They say that mere ‘thought of Arunachala’ grants liberation. And here Mohan has punned on odungal as modungal (modungal arunachala)… Smash into Arunachala… As always, he is a smash hit!

Adieu my friend… It seems that the Gods need lots of laughter… Go shake them up…

My new offering – A Ramayana rendering

August 16, 2018

I am happy to announce my new book ‘Atma Vidya in Adhyatma Ramayana: Selections on Self-Knowledge from Adhyatma Ramayana’.


Book Cover Complete


The book is a translation of narratives on Self-Knowledge, selected from the Sanskrit treatise ‘Adhyatma Ramayana’.

The context is this…

As a spiritual epic, Ramayana is perhaps unparalleled in the history of the world. So deep is its  impact across the people of India and Asia, so many are its tellings in so many different languages, that the tale of Rama endures across time, as a voice of consciousness, a quest of righteousness, a seed of cultures, a mirror of mankind…

Contemporary researchers have recorded existence of at least three hundred different Ramayana-s , with at least twenty five in Sanskrit language alone. And among these stars in the cosmos of Ramayana-s. there is ‘One’ treatise that shines as the pole star of ‘Atma Vidya’ – Self-Knowledge. That is the ‘Adhyatma Ramayana’ – literally, the ‘Ramayana of the Self’.

Like all good things in Indian experience, there is no consensus regarding it’s origin. While  the treatise is traditionally attributed to be a part of ‘Brahmanda Purana’, authored by Vyasa, there are other views. However, there is a consensus that ‘Adhyatma Ramayana’ is the treatise on which is based the  Ramacharitamaanasa of Goswami Tulasidas. That by itself should give an indication of the  power and influence of this treatise on Indian Rama consciousness, across time.

The ‘Adhyatma Ramayana’ contains ever so many discourses on spirituality, covering all paths – Karma, Bhakti and Jnana. But the core aim and emphasis is Jnana – ‘Self Knowledge’.

As one more humble offering in the endless garden of this Ramayana, I have attempted to translate into free verse in English, all those parts of this Ramayana wherever there appears any narrative on Self-Knowledge, whichever be the path –  Karma, Bhakti or Jnana. The galaxy of narrators is a beauty in itself, which includes Gods, sages, men, women, animals, even, Rakshasa-s…

Titled as ‘Atma Vidya in Adhyatma Ramayana: Selections on Self-Knowledge from Adhyatma Ramayana’, the book has been published by Ramana Maharshi Centre of Learning, Bengaluru. It is my great good fortune that the book has been blessed with a Srimukha by the Jagadguru Shankaracharya of Kanchi Kamakoti Peetham. By the Grace of Rama, the book has come out in the ‘Ramayana month’ of Karkidakam / Aadi.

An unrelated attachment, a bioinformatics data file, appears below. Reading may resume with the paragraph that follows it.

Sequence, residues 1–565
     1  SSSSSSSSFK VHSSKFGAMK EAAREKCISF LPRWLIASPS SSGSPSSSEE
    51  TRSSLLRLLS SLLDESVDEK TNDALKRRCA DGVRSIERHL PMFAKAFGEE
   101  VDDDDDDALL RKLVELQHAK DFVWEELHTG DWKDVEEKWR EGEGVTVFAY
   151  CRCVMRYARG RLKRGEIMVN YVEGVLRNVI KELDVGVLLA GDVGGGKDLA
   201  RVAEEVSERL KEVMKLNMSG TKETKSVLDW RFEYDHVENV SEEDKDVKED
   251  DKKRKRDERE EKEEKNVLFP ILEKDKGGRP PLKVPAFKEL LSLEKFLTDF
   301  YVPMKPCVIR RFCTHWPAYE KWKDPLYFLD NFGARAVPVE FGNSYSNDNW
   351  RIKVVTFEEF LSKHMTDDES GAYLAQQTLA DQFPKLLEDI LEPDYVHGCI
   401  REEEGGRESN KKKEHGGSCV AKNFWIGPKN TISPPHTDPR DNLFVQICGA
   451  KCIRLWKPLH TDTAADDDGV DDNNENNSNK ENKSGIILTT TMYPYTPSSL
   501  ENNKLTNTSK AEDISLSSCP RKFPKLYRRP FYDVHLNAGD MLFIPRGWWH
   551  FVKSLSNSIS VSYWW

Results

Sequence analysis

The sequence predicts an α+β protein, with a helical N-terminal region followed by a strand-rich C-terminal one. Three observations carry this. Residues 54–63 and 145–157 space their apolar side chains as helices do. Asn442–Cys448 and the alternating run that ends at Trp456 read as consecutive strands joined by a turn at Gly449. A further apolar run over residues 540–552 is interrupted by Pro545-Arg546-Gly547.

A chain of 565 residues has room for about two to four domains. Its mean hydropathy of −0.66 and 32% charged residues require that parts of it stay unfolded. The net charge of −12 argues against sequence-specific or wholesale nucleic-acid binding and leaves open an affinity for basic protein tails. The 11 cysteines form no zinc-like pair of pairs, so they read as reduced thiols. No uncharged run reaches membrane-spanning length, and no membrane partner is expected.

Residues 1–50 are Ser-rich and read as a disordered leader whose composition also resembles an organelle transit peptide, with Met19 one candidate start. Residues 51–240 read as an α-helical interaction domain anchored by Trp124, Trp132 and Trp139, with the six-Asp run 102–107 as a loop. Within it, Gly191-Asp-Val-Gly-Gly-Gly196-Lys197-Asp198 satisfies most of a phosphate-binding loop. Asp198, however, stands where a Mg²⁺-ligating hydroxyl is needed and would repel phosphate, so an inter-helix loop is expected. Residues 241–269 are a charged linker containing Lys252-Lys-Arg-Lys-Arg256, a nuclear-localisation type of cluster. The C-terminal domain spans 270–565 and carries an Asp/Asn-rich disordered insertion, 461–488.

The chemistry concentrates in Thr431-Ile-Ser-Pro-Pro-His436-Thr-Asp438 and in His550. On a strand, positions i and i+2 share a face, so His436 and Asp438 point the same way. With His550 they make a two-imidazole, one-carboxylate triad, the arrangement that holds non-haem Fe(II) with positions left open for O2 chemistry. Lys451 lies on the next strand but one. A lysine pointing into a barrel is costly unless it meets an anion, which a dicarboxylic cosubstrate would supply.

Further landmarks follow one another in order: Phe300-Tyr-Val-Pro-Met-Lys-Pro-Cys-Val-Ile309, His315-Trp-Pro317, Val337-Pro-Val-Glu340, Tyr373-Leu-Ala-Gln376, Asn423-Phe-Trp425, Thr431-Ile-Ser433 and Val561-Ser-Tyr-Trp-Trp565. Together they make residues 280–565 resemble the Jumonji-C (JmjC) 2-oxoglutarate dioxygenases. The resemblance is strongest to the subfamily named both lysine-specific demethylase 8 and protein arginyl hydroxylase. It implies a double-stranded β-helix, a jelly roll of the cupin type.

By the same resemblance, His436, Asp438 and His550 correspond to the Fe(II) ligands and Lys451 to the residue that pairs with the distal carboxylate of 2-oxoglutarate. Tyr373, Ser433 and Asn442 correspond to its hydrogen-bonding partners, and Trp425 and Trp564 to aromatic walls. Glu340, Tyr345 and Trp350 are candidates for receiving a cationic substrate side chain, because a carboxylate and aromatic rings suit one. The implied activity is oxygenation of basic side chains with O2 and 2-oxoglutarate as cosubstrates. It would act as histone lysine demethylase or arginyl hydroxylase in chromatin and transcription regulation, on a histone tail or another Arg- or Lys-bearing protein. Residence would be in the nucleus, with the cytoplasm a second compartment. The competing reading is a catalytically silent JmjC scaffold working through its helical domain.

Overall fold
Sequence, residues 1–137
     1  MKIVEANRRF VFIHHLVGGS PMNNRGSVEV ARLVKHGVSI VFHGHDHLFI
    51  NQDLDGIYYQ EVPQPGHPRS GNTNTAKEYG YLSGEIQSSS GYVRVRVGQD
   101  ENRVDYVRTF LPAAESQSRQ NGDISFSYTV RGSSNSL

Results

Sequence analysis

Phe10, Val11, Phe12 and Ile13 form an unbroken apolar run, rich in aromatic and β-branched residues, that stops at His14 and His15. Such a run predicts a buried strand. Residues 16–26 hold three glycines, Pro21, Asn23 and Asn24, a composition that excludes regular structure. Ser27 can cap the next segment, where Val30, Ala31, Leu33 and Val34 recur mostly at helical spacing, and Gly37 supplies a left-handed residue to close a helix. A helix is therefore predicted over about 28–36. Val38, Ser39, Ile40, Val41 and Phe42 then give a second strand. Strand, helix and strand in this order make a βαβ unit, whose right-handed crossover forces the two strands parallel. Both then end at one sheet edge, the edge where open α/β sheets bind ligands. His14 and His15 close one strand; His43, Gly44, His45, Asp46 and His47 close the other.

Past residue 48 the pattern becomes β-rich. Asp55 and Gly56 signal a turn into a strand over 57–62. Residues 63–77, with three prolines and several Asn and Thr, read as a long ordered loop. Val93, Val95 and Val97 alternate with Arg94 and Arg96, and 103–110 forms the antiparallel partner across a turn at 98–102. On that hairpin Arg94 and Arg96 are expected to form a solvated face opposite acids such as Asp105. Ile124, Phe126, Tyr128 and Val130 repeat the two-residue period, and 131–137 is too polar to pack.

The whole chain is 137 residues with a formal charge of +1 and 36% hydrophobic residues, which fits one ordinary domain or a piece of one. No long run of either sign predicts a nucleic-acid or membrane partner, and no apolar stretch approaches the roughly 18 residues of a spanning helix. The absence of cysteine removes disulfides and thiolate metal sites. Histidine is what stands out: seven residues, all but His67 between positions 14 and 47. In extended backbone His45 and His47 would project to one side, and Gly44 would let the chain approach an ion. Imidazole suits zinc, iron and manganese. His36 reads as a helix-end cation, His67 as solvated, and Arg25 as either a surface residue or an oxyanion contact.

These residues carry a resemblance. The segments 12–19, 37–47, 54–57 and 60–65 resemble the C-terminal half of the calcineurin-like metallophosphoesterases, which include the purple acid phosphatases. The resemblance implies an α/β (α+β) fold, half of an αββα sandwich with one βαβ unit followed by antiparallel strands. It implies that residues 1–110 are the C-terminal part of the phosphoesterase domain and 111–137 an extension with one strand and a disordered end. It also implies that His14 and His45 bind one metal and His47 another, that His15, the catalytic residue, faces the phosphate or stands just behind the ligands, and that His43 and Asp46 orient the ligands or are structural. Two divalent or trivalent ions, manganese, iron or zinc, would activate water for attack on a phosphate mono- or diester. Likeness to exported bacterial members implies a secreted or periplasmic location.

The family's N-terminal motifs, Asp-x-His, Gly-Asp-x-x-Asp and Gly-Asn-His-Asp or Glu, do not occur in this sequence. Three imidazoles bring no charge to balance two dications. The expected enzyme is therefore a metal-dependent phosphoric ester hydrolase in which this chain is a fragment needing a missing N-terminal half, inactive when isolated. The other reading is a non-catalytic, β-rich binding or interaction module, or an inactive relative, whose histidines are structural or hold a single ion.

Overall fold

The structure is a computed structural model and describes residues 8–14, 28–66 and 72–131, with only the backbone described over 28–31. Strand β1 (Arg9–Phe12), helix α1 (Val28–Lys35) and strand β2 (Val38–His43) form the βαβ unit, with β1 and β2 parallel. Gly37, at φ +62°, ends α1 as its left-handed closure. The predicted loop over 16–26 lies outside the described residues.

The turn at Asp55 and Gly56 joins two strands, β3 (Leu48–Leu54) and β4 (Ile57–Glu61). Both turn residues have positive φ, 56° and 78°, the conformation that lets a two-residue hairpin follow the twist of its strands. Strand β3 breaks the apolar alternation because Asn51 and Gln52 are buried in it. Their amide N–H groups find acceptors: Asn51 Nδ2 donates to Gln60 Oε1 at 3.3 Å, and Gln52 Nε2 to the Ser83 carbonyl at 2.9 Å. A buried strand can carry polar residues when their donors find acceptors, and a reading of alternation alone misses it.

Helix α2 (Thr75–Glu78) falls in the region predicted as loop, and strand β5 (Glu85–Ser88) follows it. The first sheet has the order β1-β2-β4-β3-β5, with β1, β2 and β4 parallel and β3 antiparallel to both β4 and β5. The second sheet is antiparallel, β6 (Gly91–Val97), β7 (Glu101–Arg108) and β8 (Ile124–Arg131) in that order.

Those who are interested in buying the book can get it from Amazon India.


Or write to ‘Rasa Experience of Art’ at the email id: .

Glory to Rama!

Searching for Uruputtur

January 16, 2018

This is an India special…

Sankar, a friend of mine has the initial “V” in his name, which signifies his ancestral village ‘Vorupattur’. Instinct and family memory indicated that the village was somewhere in the North Arcot district or thereabouts (North Arcot of fifty years ago was a larger district than what it is now)… And he has been searching for this place all his life. In that ‘search’, yours truly too joined ‘eyes’.

One idea that came to mind was that the place name was probably ‘Urupattur’ … Internet did provide scores of people searching for the same place… And no positive finds… One did find people having ‘Urupattur’ in their names, and prominently so among Sri Vaishnava-s. One found that the great sage Nathamuni of 9th century CE had a disciple Urupattur Achan Pillai.. Enquiry with Vaishnava friends drew a  blank as to where that Urupattur was. Then through a good friend, one spread the ‘search net’ wider, and he managed to speak to a very learned Vaishnava scholar whose ancestors hailed from Urupattur. The scholar, a nonagenarian, said that he too had done extensive search and had not found the place. He said that perhaps the village may have been in Nellore area of Andhra and may not be extant now… One lead was that many people had migrated from Urupattur, and come to Pon Valainda Kallattur near Chengalpet. Another school of thought was that Urupattur was not a place name, but a title.. Somehow that didn’t sound right.. It did sound so much a place name… And if people still proudly carry it in their names, and have been doing so for generations, it must have been a prominent place… Some mentions could be found in the Net of the village probably being in Kanchipuram district, perhaps near Orikkai or Thandalam… But some people of that area from whom one enquired did not know of any village of that name…

Then someone came with a lead that the  village was now known as Upputtur (or some name close to this) and was near Namakkal.. That was close… And Nathamuni hailed from a place near Kaatumannar Koil, which is not all that far away.. So maybe…